Phil Tippett: My tendency for monsters is to not be that literal with things and to try and have a certain level of like, “What is that?” George and I differed in our ideas about what a face should be. I think things should be hard to look at until you've seen three or four shots and then you start to put together the thing in your mind. That's more like a monster to me, you know? It's like if you see a black widow spider crawling up your arm, your first response is visceral even before you think, “That's a black widow spider.” George always kind of liked to see a face that could be expressive.
StarWars.com: Would you say you have an affinity for hand puppetry and that aspect of the work?
Phil Tippett: No. You know, it doesn't really matter that much. You just project yourself into the character that you're doing. And there are master puppeteers out there that are far superior to me. But the rancor was a particular kind of a thing and I had the experience to pull it off.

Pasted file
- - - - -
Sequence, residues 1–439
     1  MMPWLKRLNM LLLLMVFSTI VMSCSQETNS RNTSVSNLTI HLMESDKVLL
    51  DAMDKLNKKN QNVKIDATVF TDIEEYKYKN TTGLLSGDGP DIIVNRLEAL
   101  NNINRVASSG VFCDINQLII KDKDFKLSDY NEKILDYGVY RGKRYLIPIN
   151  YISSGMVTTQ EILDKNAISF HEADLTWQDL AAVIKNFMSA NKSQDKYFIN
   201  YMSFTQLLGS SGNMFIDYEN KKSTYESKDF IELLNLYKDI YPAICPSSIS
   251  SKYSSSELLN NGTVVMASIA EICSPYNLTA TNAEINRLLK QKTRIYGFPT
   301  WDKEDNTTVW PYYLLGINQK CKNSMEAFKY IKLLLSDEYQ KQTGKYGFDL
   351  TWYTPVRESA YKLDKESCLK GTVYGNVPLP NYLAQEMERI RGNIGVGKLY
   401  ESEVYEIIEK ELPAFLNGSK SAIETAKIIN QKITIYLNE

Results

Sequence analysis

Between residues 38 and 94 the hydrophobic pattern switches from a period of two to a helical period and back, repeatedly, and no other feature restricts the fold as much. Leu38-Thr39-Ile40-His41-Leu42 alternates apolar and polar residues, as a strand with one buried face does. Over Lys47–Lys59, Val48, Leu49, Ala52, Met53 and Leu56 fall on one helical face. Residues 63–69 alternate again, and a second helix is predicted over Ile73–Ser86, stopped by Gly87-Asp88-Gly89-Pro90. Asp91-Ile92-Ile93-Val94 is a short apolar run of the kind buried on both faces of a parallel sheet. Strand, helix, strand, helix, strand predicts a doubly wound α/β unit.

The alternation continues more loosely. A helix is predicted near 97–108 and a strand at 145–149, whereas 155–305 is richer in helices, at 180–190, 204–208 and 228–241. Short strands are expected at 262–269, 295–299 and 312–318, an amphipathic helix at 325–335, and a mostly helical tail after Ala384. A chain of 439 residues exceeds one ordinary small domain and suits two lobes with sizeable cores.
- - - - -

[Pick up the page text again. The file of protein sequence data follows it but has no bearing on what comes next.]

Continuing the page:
Dennis Muren: The four people that are puppeteering rancor, including me and then Kim Marks, who was trying to shoot it, are all jammed to an area probably like three feet square or four feet square to be able to do it. [Tippett operated the rancor mouth and head, Tom St. Amand had Eben Stromquist’s two grips that manipulated its elbows, arms, and fingers and Dave Sosalla controlled its feet]
StarWars.com: Is that a difficult working situation? Or do you thrive in that because you all have a shorthand with each other and you're moving in concert with everybody else around you?
Phil Tippett: Yeah, it was no surprise. You know, it was just, “Okay, that's the stage.” That's what you do your performance in.